In the olden days, people purchased and received hardcopy tickets. When you arrived at the event, they are sure would tear off a portion of your ticket for 2 reasons: to ensure ticket is not reused, and to have a record of how many people came to the event.
With computers, and with people printing tickets at home, tickets usually no longer have a tear-off portion. Instead, event organizers who wish to ensure that tickets are not reused and/or wish to keep track of who actually attended the events, use barcodes or QR codes and ticket scanning software to achieve that purpose.
Why Use Ticket Scanning Software?
The purpose of scanning tickets is to achieve the same objectives that the tear-off portion used to achieve: prevent the reuse of tickets, and keep track of who or how many people attend the event. Let’s explore each:
For general admission events, it is critical to scan print–at–home tickets for security reasons. When someone prints a ticket at home, he or she can photocopy that ticket as many times as they wish. An unscrupulous person who thinks they can get away with it could decide to give their friends copies of the ticket. If he or she thought the event organizer had no mechanism in place to prevent the reuse of tickets, they may be inclined to do so.
For reserved seating events, there is a bit less potential for fraud because the ticket will indicate the row and seat number, and two people cannot sit in one seat. However, if an event is typically undersold, and there are plenty of open seats, the unscrupulous ticket buyer could give copies of his tickets to friends and tell them to sit in an open seat.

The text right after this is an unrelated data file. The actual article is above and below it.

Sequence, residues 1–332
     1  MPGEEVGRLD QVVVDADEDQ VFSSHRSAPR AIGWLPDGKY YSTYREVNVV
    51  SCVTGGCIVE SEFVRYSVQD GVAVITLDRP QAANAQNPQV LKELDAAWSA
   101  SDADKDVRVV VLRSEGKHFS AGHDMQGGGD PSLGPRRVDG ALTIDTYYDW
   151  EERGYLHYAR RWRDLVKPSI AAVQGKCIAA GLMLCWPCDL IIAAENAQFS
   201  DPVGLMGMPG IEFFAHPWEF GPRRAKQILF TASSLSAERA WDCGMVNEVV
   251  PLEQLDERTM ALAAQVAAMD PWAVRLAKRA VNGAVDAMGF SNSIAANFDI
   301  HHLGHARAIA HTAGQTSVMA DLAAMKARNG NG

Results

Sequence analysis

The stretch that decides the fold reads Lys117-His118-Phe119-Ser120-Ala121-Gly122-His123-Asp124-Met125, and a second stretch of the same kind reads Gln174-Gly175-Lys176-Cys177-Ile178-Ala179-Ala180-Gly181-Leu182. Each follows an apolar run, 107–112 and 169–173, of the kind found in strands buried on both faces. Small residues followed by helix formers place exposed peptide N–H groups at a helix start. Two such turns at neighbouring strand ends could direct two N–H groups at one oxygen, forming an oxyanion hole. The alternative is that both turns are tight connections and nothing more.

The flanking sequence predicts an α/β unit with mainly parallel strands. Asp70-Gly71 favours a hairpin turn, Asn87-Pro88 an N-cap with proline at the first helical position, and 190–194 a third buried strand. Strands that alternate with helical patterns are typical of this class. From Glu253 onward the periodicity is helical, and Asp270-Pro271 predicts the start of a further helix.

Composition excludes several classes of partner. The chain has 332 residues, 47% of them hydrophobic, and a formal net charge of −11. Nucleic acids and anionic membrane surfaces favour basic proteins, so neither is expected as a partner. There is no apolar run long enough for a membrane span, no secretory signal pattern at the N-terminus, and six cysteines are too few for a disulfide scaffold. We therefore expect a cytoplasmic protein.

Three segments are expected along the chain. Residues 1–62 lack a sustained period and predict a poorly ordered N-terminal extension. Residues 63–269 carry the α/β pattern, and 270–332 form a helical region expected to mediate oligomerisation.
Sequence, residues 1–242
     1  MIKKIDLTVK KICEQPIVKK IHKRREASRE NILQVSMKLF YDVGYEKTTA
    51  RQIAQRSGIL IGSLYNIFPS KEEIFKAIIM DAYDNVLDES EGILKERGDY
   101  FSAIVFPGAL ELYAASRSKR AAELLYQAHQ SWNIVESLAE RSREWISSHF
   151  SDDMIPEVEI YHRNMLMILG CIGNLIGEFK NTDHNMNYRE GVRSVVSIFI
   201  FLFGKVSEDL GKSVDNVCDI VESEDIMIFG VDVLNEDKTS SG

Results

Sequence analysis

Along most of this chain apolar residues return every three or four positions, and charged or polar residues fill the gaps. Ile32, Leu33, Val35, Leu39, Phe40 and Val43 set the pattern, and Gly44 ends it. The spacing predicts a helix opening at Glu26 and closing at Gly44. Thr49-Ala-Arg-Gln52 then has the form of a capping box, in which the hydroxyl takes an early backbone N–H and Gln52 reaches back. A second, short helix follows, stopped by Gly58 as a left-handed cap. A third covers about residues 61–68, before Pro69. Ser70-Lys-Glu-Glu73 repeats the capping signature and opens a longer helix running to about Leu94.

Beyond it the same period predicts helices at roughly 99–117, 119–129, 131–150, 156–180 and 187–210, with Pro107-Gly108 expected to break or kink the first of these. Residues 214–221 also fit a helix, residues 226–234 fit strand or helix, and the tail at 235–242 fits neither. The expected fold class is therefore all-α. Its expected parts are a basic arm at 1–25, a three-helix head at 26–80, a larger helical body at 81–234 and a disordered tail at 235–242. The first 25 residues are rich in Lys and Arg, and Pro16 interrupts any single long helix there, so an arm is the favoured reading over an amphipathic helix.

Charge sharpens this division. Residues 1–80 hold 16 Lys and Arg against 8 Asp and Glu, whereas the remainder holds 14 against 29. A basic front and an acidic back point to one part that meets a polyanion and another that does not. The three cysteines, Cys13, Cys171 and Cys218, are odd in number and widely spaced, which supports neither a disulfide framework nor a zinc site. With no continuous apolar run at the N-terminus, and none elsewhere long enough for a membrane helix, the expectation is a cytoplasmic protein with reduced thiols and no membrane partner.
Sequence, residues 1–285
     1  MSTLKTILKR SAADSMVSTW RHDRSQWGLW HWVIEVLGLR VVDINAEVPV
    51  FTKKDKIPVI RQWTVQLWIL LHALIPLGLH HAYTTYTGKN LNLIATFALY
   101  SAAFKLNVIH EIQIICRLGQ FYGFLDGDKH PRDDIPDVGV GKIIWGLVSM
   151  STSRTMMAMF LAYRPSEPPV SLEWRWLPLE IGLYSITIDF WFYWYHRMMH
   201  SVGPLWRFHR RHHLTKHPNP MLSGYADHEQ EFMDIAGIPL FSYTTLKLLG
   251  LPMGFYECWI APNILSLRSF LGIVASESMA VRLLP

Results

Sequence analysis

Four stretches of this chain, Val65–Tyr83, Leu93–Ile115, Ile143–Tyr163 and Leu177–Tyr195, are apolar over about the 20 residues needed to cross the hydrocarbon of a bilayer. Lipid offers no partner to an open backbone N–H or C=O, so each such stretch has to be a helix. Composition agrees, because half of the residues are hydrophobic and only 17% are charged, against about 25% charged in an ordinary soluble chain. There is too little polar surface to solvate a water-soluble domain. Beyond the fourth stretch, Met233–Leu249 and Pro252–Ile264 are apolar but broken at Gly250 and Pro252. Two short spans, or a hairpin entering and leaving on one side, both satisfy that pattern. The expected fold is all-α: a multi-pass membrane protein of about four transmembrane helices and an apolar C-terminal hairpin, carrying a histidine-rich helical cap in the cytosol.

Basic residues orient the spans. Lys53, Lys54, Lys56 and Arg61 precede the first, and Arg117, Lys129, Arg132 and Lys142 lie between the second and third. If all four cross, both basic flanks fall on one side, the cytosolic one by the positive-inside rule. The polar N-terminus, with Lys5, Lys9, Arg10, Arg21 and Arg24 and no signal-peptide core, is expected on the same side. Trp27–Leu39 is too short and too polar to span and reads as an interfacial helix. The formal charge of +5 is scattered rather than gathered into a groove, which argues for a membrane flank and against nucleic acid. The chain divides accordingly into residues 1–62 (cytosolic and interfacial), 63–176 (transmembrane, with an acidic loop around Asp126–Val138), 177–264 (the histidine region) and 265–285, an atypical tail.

The other reason to use ticket scanning software is to collect important information. Most current online ticketing systems store the name of the purchaser as well as the ticket number. So scanning the ticket not only gives you information about who attended, but also generates statistical information for your reports.
What are some ticket scanning software options?
Most current online ticketing systems give you the option to have a barcode or a QR code printed on your tickets when the ticket buyer prints them at home. A barcode is the traditional code seen on all grocery store items – a set of vertical bars. A QR code is a square code that can store far more characters than a barcode.
With respect to ticket scanning software options, what you use depends on whether you’re using barcodes or QR codes. If you are using barcodes, chances are your ticketing software has the ability to receive the barcode number from a barcode reader in order to indicate whether the ticket is valid, and, if so, log the fact that the ticket has been used. Barcode readers typically sell for approximately $150 and can be easily connected to your computer – much like connecting a keyboard.
If you are printing QR codes on your tickets, you will likely be using a smartphone to read the QR code and redeem the ticket. There are many standard QR code reader apps on the market. The one we use with TicketPeak, for example is simply called “Scan”. Using the Scan app with the TicketPeak online ticketing system allows you to redeem tickets using smartphones.
We generally recommend using barcodes and barcode readers to redeem tickets because they are faster than smartphone readers. With the latest technology, you can actually connect a barcode reader through Bluetooth to a smartphone and achieve the double benefits of speed and mobility.
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